Back to the Drawing Board: Heinkel He 177 GreIf

David Porter on military history's doomed inventions.

The He 177 was the only German heavy bomber to enter Luftwaffe service in significant numbers, with over 1,100 completed by the time that production ended in August 1944.

The type originated with a requirement issued in 1936 for a strategic bomber carrying a bomb-load of at least 1,000kg over a range of 3,100 miles, with a speed of at least 311mph.

This was demanding enough, but, just after Heinkel’s design won the contract in 1937, the specification was amended to include a requirement for dive-bombing capability, which at the time offered far greater accuracy than conventional level bombing.

The dive-bombing requirement forced the adoption of a twin-engine layout, but this meant that each engine had to deliver at least 2,000hp in order to reach the specified performance, something that no German powerplant of the 1930s could achieve.

The solution was to couple two existing engines side by side to drive a single propeller. Although this was brilliant in theory, in practice it caused horrendous problems with overheating engines and engine fires when the prototype began flight trials in November 1939.

Frantic redesign efforts were made, but in 1942 the aircraft finally entered production still plagued with the same engine problems, which were only significantly reduced a year later, following further extensive modifications, which were incorporated in the improved He 177 A-5.

Fragility despite its size

Even this version needed careful handling – the British test pilot Captain Eric Brown, who flew one just after the war, commented that: ‘I was all too aware of the intelligence reports of He 177s breaking up in the air… it really was nail-biting to have to treat a giant like this immense Heinkel bomber as if it were made of glass… Somehow the He 177 always conveyed an impression of fragility despite its size.’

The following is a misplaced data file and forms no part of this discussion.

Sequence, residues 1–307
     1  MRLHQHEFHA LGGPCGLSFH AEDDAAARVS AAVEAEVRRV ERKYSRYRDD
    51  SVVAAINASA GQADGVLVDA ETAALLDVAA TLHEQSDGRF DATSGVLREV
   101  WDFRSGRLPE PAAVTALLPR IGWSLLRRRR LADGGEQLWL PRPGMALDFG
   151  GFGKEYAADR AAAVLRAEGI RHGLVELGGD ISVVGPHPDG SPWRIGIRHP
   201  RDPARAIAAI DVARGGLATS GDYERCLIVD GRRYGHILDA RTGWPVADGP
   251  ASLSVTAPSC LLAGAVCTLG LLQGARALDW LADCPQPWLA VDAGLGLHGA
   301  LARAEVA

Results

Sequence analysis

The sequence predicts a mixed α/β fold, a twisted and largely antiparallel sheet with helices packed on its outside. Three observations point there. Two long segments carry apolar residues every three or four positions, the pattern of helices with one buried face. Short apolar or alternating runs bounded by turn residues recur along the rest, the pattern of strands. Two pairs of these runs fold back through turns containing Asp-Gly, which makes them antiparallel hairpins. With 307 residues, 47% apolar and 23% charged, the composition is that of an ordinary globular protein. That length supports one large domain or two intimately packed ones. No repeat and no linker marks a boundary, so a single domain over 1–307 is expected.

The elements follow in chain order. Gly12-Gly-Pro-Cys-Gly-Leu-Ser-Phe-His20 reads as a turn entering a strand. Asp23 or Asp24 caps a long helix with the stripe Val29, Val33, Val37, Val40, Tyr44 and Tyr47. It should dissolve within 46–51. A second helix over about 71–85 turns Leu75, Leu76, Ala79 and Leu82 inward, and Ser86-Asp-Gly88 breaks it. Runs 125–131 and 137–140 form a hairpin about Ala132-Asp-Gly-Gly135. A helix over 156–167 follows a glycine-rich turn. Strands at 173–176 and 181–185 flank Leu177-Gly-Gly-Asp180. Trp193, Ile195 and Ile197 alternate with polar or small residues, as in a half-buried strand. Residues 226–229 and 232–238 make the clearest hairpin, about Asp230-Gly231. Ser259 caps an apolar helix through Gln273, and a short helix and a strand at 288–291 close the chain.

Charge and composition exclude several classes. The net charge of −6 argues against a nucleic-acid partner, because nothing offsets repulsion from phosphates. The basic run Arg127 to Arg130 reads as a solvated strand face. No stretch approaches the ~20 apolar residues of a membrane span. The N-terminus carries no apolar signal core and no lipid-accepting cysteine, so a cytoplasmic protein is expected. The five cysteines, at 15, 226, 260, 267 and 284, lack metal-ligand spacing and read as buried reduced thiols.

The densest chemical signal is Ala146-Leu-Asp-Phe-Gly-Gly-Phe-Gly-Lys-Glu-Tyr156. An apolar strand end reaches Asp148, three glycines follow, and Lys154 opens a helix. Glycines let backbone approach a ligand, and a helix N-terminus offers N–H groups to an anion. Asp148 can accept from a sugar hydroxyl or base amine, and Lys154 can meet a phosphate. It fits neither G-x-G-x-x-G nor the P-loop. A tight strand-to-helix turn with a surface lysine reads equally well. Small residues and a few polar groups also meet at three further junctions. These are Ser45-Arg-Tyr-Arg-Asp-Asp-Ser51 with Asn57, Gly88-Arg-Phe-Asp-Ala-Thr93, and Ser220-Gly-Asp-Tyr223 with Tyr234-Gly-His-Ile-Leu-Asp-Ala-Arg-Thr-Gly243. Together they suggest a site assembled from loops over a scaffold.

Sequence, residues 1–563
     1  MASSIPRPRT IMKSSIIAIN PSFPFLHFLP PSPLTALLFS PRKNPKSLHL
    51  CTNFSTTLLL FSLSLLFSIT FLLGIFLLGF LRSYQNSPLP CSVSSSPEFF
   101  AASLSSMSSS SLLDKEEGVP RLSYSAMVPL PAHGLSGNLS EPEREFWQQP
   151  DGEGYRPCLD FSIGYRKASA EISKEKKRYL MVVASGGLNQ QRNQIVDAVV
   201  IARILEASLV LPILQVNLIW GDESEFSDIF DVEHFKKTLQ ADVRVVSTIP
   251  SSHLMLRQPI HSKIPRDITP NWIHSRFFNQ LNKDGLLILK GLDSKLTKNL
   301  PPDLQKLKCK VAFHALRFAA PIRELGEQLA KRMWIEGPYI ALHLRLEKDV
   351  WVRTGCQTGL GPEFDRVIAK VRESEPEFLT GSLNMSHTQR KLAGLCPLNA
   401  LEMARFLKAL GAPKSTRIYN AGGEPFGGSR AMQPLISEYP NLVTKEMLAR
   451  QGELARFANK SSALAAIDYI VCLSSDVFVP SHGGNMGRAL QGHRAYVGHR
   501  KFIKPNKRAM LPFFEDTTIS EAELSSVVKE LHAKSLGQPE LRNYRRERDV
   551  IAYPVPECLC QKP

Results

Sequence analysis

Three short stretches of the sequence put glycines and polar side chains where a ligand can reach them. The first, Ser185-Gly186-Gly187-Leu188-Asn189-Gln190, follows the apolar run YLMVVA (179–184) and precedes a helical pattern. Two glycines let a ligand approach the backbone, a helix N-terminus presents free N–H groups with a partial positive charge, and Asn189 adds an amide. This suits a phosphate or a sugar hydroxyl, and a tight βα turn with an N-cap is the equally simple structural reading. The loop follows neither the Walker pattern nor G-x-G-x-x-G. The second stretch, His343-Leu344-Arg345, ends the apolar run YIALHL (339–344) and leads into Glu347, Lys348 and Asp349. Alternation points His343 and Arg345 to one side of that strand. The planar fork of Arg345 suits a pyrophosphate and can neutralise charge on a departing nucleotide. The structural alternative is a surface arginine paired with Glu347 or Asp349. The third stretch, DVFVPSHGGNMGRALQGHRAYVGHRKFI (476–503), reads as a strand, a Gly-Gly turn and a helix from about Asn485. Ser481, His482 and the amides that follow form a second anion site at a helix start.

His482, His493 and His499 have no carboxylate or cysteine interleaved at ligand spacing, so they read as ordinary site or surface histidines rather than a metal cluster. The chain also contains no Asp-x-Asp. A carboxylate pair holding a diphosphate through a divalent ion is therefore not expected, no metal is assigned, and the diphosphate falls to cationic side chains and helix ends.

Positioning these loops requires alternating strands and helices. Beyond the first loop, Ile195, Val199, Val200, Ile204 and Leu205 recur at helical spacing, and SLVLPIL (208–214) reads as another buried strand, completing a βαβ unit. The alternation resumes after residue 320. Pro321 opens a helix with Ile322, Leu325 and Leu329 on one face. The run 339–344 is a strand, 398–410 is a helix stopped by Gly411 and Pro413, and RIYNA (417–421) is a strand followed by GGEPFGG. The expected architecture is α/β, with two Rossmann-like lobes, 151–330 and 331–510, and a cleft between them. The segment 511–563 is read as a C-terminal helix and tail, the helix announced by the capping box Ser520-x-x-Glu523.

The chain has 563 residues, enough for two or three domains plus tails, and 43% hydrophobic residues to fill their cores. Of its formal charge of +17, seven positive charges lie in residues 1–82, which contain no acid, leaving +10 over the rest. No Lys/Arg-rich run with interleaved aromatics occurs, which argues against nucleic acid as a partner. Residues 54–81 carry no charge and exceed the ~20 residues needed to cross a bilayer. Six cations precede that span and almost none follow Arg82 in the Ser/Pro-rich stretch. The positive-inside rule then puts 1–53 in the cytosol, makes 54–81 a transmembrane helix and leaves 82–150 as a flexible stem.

Nevertheless, the type was used effectively on the Eastern Front – notably in mid-1944, when formations of up to 90 aircraft made high-altitude raids against targets such as the key railway hub at Velikiye Luki. However, increasing fuel shortages forced the abandonment of such attacks before they could have any real effect.

The He 177 was withdrawn from operational service in August 1944, as the Luftwaffe was forced to concentrate its dwindling resources on the Emergency Fighter Programme.

Ironically, the solution to the type’s engine problems had been identified as early as November 1938, when Ernst Heinkel, who had always been concerned about the coupled engine layout, requested authorisation to develop a conventional four-engine version of the aircraft. The proposal was finally authorised in 1942, when the Luftwaffe finally admitted that the He 177 was simply too large to be a practical dive-bomber.

Although Heinkel immediately restarted design work on the new version, designated He 177 B, so much time had been wasted that prototypes were not ready for flight trials until December 1943. These impressed test pilots with their superb handling, but the type had not entered production when the development programme was cancelled in mid-1944.

Image: Wikimedia Commons.